... possessor of them being able to say why they have grown up; though analysis, nevertheless, shows that they have been formed out of connected experiences. The familiar fact that a kind of jam which was, during childhood, repeatedly taken after medicine, may become, by simple association of sensations, so nauseous that it cannot be tolerated in after-life, illustrates clearly the way in which repugnances may be established by habitual association of feelings, without any belief in causal connexion; or rather, ...
— Essays: Scientific, Political, & Speculative, Vol. I • Herbert Spencer

... Permit me to say that the hygienic faith I profess has this in common with my other persuasions, that I am no propagandist, and neither seek nor desire proselytes. No, my dear friend, it is the orthodox medicine-takers, not the heterodox medicine-haters, who are always thrusting their pill-boxes and physic-bottles into their friends' bodies, and dragging or driving their souls to heaven or hell. If my physical doctrine saves my body, and my religious doctrine my soul, alive, ...
— Records of Later Life • Frances Anne Kemble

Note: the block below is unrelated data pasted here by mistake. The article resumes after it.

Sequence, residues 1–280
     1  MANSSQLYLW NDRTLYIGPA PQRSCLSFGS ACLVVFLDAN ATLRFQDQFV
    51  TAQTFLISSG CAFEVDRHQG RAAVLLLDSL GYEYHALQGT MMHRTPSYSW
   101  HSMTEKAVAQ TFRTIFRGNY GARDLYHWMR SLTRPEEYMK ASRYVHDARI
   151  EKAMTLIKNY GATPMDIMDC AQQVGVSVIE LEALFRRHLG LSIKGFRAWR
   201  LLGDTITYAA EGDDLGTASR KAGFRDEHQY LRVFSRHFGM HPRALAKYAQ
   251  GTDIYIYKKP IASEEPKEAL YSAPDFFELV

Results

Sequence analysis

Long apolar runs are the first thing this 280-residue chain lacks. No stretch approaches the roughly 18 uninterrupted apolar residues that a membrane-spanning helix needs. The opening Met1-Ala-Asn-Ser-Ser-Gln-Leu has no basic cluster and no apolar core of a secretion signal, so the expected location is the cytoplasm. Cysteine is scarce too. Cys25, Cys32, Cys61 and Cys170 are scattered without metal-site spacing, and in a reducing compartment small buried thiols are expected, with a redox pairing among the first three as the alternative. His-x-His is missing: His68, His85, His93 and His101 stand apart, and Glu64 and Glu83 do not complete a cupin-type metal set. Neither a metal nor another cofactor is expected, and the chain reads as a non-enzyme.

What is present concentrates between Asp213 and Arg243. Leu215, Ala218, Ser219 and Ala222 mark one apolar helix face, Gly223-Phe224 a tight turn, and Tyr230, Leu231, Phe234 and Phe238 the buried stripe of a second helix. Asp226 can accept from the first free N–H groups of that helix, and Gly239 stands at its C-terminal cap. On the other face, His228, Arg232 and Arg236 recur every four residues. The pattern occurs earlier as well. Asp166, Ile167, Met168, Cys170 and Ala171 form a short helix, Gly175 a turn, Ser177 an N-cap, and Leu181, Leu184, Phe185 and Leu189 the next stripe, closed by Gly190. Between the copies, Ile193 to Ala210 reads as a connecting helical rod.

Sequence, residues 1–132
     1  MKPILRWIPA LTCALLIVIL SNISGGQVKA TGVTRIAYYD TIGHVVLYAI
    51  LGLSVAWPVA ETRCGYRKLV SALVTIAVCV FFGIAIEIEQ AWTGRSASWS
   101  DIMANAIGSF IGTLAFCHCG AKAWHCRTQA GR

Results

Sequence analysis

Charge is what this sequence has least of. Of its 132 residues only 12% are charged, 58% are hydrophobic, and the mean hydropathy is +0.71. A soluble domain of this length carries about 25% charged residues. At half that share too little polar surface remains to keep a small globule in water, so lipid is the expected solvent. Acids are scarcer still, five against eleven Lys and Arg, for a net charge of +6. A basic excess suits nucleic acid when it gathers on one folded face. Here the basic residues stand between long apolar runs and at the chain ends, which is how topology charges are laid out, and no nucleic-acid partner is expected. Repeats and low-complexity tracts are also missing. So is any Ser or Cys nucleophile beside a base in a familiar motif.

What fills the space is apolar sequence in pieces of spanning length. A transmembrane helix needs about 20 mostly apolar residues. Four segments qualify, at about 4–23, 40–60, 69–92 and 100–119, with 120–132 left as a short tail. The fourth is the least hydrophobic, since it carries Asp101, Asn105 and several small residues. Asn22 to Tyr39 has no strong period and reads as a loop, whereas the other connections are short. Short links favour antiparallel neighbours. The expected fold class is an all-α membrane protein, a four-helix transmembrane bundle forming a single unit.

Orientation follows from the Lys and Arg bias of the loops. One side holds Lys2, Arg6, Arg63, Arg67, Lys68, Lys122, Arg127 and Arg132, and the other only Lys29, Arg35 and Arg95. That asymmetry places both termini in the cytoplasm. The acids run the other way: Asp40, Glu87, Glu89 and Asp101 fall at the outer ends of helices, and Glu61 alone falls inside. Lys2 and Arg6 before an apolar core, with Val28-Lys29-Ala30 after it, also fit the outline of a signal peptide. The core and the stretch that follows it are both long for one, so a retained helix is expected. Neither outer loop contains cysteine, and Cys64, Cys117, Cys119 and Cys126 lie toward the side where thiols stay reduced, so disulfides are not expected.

... regarding this, above all others, as the best period in the history of our race; and, doubtless, it is true in many important respects. But I cannot forbear the suggestion at this moment that there was a time in the history of the world when the science of medicine was unknown, when people lived to the incredible age of many centuries; and, even after the span of life had been reduced to threescore and ten, sickness was comparatively unknown. In ancient times, it was looked upon as a calamity, that had overtaken a tribe or people, when ...
— Scientific American, Volume XXIV., No. 12, March 18, 1871 • Various

... Count Gaston showed to his wife, and dwelling much on this last cause of sorrow, in which the young prince heartily joined, he gave it as his opinion that the feeling must be occasioned by supernatural means, and could only be combated by a similar power. He had, he said, in his possession a medicine of such virtue that, if it were administered properly, it would counteract any evil influence, and restore the mind of the person to whom it was ...